Our experimental model, entailing the induction of functional beige adipogenesis in WAs from the same progenitors is clinically relevant:

First, despite intense interest into the potential anti-obesity role of BAT in humans, and associative evidence from positron emission tomography studies indicating BAT is metabolically active, it is unknown whether human brown/beige adipocytes are in fact functional. We show that not only is beige adipogenesis inducible, the mature adipocytes are functional, and exhibit high oxygen consumptive, fatty acid oxidative and heat-producing capacities. This is first direct proof substantiating metabolic actions of BAT, thus provides impetus for ongoing research into strategies that may harness human BAT function.

Second, the successful induction of brown and WA phenotypes by the respective differentiation cocktail, without altering overall general adipogenic maturation, indicates differentiated beige and WAs are valid in vitro models for investigating human BAT function and the biological effects of browning agents (such as FGF21) on WAT, respectively.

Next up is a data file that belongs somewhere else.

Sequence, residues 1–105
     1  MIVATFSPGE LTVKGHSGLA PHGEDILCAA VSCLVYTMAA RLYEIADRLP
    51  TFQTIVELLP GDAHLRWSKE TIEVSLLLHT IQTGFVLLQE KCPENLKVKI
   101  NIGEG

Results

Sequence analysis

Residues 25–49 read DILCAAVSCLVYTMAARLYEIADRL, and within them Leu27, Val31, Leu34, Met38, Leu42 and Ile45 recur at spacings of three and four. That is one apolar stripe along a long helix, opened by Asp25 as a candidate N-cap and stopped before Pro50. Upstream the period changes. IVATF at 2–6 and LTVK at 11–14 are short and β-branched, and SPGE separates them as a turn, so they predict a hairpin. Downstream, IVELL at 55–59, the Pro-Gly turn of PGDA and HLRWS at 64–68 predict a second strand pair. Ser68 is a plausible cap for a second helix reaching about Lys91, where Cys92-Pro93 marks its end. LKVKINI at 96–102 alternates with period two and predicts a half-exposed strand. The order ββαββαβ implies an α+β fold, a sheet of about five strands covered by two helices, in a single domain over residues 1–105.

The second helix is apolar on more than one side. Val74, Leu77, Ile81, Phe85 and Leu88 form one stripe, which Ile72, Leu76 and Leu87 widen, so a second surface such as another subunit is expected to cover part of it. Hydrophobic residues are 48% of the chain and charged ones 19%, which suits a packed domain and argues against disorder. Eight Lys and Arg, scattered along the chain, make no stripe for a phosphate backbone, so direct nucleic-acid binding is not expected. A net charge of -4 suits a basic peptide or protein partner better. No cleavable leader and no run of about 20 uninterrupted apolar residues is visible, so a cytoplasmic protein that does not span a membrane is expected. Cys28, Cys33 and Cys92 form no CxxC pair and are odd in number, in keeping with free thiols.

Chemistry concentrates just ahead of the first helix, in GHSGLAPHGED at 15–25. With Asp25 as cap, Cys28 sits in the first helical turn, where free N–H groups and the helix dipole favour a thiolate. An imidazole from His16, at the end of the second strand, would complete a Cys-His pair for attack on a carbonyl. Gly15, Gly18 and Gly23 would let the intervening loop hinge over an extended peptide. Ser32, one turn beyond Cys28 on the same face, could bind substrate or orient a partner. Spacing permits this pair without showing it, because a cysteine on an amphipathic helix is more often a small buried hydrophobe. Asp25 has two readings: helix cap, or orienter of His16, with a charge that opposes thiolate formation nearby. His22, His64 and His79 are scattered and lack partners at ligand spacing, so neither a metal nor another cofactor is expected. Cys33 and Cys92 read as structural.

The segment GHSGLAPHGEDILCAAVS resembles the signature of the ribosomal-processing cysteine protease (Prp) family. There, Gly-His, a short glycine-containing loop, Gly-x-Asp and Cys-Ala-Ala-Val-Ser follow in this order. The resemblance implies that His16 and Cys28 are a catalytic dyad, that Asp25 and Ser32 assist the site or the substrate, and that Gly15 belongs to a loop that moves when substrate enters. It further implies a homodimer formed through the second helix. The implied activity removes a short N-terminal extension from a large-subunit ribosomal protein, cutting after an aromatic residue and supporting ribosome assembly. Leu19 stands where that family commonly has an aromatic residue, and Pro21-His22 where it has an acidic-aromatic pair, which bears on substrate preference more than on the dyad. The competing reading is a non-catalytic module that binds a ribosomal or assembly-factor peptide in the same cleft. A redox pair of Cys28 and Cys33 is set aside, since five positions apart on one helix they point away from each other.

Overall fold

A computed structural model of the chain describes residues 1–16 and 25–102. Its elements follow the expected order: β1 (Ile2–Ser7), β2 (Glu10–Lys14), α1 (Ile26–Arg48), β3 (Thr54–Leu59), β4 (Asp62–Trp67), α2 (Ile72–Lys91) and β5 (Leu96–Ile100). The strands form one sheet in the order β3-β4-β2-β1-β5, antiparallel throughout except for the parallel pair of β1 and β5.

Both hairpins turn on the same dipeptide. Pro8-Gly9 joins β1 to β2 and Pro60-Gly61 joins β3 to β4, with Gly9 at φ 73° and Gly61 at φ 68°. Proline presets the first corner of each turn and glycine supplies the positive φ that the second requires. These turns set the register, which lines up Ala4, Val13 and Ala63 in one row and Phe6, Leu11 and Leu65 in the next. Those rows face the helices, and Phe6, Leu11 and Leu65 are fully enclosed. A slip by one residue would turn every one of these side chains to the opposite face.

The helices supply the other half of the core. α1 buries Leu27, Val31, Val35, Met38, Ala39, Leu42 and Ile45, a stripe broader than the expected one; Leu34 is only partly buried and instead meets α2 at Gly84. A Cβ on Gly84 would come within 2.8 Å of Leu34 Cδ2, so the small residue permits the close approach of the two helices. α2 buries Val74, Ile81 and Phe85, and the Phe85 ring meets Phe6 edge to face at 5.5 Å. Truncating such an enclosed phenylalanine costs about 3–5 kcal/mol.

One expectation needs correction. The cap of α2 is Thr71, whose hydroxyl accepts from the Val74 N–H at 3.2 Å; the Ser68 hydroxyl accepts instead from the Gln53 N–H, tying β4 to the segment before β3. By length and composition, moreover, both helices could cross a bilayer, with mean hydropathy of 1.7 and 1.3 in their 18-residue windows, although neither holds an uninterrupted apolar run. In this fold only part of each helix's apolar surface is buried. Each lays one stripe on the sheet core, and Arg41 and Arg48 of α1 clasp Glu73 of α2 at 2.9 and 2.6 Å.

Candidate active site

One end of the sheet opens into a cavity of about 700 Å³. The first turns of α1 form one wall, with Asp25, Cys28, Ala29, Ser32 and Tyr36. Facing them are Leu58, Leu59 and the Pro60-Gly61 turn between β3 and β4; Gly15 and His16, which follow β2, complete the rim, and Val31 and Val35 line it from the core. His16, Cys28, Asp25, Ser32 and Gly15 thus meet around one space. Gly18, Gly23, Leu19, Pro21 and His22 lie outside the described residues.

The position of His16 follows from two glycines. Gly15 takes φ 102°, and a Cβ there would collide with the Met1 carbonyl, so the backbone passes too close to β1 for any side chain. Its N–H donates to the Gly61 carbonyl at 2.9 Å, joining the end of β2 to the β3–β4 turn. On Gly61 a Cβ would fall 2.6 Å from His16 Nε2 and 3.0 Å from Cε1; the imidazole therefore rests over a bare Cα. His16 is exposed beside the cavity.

Third, paired derivation of beige and WAs from the same donor indicates substantial plasticity of human adipocytes. Oxygen consumption increased by >50% following FGF21-induced fat browning. If our findings in cervical fat can be translated to other fat depots, the gain in overall adipose thermogenic capacity is sufficient to impact whole body energy expenditure. Given the recent demonstration of cold-induced WA-to-BA transdifferentiation in animals,29 one may argue a similar mechanism underlay the observed FGF21-mediated phenotypic transformation. We cannot exclude the possibility that FGF21 treatment induces clonal expansion of brown adipogenic precursors. It is, however, unlikely as FGF21 treatment commenced in fully confluent cells 5 days post-differentiation. As bipotential precursors capable of BA and WA differentiation have been identified in animals,30 future studies should examine cell surface markers to determine clonality of FGF21-treated adipocytes.

Fourth, cold exposure is the sole intervention to date consistently shown to activate human BAT, but the natural human tendency for thermal comfort limits feasibility of prolonged cold exposure as a BAT-activating strategy. Our data suggest FGF21 may be a cold mimic that boosts whole body BAT abundance.